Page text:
On Monday the city Planning Department and RIDOT showed updated plans for the street grid that will be built when Route 195 is torn down. They showed the entire plan area on both sides of the river, most people in attendance were most interested in the Wickenden Street interchange alternatives. I will look at some things about the west side in a later post, but now I’ll focus on Wickenden.
Three alternatives for Wickenden were presented, let’s look at them:
UPDATE 02/05: I neglected to mention that the City and RIDOT are accepting comments on these alternatives through the end of business on Tuesday, February 16th. Contact Melanie Jewett in the Planning Department and/or Lambri Zerva at RIDOT.
We can basically call this the RIDOT alternative. In this option, the right turn lanes from Point Street to South Water Street remain. This was resoundingly rejected by those in attendance. Other changes from the original proposal include the number of lanes on Wickenden eastbound and the number of lanes on South Main from the highway is reduced from 4 to 3.
RIDOT also originally proposed a pathway through the center of the median as a way to move pedestrians and bikes from the southeast corner to the northwest corner. This pathway is eliminated in favor of those movements being made more conventionally through regular crosswalks.
Also, Benefit Street now wraps around the church from Wickenden to Traverse. Previously, Benefit rounded the church from Traverse, but dead-ended short of Wickenden. This section of Benefit, which currently runs northbound past the gas station will be turned around and now run southbound.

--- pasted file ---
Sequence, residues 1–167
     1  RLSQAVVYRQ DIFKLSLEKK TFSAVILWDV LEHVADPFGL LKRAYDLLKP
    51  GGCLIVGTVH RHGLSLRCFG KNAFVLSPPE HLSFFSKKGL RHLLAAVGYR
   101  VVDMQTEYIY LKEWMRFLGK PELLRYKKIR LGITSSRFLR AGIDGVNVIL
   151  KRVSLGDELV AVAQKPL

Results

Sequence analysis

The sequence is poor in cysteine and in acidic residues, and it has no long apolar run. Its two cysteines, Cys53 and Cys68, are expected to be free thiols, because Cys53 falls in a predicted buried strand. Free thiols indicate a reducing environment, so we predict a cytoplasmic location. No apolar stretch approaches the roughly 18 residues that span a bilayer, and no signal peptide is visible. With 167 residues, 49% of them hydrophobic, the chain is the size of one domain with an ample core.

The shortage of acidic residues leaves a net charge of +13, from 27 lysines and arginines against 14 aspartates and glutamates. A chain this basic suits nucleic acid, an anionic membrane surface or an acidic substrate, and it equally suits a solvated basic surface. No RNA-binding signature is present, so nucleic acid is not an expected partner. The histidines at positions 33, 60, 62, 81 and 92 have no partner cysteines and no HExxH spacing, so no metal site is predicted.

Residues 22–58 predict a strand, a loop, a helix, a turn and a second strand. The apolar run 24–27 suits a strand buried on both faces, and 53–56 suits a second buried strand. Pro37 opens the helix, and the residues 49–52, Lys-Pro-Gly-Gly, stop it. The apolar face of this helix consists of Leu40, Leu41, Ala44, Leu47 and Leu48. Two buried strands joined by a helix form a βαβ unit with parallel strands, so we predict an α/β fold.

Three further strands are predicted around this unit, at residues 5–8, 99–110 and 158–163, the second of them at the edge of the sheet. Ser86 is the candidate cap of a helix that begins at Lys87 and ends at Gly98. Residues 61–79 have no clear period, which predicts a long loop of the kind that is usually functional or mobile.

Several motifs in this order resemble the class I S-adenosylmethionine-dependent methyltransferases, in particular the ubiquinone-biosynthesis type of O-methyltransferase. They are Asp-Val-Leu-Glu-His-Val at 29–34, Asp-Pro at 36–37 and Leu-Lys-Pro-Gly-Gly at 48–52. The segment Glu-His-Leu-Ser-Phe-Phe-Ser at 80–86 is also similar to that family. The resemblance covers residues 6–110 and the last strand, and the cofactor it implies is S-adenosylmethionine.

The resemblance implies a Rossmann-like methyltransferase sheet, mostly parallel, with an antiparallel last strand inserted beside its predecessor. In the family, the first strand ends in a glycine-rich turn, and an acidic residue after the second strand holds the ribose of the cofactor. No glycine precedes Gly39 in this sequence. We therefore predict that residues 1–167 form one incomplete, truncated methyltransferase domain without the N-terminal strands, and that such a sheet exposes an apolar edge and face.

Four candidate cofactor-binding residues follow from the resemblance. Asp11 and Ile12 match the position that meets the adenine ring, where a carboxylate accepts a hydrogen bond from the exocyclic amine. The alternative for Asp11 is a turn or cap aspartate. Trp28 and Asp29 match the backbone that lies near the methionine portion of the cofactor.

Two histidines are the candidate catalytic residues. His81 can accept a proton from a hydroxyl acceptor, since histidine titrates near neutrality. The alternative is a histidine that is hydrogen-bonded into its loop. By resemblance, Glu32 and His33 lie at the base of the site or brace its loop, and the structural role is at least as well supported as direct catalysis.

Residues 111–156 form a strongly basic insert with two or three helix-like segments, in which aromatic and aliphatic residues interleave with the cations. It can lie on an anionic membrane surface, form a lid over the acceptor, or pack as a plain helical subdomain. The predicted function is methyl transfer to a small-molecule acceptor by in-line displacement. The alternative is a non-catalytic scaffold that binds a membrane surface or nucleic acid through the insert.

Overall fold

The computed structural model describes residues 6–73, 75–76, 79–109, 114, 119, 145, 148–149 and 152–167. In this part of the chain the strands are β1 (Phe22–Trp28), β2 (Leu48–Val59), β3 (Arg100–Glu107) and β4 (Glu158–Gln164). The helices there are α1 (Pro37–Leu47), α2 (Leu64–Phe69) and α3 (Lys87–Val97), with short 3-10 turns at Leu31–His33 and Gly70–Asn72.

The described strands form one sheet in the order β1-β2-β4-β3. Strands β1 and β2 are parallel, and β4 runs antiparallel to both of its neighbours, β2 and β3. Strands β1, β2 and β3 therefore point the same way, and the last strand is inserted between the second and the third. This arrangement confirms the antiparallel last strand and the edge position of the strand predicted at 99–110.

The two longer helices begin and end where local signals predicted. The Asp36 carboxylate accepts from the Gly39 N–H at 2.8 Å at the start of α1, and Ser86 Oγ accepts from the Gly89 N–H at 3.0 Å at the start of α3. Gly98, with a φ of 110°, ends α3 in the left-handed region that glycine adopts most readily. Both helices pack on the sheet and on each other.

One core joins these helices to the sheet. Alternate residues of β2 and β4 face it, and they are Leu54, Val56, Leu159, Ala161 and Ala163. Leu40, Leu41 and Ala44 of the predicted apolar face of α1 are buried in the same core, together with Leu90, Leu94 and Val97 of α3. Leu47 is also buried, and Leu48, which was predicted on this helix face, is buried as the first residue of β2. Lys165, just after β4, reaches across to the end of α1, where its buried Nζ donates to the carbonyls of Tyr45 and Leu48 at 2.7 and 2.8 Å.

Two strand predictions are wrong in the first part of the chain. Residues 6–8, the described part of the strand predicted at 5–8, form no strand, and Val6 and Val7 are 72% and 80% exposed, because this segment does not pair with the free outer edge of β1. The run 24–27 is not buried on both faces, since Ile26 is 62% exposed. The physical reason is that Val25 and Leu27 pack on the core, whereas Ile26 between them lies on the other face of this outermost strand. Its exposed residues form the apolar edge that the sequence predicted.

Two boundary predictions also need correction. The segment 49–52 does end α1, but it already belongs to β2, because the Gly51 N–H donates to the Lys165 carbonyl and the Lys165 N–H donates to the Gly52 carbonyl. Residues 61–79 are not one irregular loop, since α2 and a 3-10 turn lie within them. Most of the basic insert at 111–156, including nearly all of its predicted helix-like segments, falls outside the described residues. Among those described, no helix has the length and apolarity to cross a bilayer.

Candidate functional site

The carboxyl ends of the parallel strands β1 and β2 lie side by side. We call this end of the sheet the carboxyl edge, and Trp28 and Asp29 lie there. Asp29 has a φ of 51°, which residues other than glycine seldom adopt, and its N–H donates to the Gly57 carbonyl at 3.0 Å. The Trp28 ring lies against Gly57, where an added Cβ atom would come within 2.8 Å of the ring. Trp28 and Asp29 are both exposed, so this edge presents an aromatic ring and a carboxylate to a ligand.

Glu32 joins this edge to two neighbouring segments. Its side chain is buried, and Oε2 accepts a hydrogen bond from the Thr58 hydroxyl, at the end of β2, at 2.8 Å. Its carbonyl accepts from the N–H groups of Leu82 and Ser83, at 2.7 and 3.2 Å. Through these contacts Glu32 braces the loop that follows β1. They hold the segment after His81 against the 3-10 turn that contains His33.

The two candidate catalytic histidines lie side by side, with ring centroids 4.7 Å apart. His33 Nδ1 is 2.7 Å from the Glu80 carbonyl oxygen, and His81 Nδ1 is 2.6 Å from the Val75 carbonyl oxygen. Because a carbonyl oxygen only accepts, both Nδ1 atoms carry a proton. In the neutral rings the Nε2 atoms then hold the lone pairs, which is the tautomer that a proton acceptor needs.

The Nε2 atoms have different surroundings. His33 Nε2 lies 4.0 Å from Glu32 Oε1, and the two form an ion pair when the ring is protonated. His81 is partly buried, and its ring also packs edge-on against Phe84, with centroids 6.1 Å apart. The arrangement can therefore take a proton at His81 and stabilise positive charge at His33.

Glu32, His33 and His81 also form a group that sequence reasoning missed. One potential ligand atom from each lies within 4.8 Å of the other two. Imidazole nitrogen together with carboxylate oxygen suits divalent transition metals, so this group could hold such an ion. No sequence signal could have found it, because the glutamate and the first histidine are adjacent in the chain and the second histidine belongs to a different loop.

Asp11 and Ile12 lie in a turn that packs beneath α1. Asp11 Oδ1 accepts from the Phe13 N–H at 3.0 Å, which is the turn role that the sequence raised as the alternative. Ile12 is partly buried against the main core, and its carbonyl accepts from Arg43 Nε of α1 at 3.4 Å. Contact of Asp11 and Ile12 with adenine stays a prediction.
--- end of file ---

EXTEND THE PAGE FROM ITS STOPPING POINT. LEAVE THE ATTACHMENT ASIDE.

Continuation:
Alternative 2 and 3 are quite similar, to each other and not terribly different from the RIDOT alternative, the odious right turn lanes on Point Street go away in both alternatives. Alternative 2 retains a median on Wickenden Street, however that median is narrower than the RIDOT plan.
The lane reductions and changes to Benefit Street remain the same.
Alternative 3 is much the same as 2, the key difference being that their is no median on Wickenden Street.
To median or not to median
I left before the end of the meeting, but the consensus in the room seemed to be forming around keeping the median, this also seemed to be RIDOT’s preference. RIDOT was pushing the safety benefits of the median as a pedestrian refuge and I have to say, I do agree with that.
Anyone who has ever crossed Memorial Boulevard at College/Westminster (or watched the RISD students do it) knows how intimidating crossing four lanes of traffic can be. Consider being physically challenged or having small children in tow and it becomes even more daunting.
Of course there are urbanist arguments for not having a median. A street without a median is simply more urban in style. There is also a traffic calming effect of having cars traveling in direct opposition to each other, oncoming traffic encourages people to slow down. Funneling traffic into a one-way reservation can encourage drivers to move faster. The length of the median and the number of traffic lights in a short distance should not allow for traffic to pick up these speeds, and I for one feel better with the median for refuge if needed.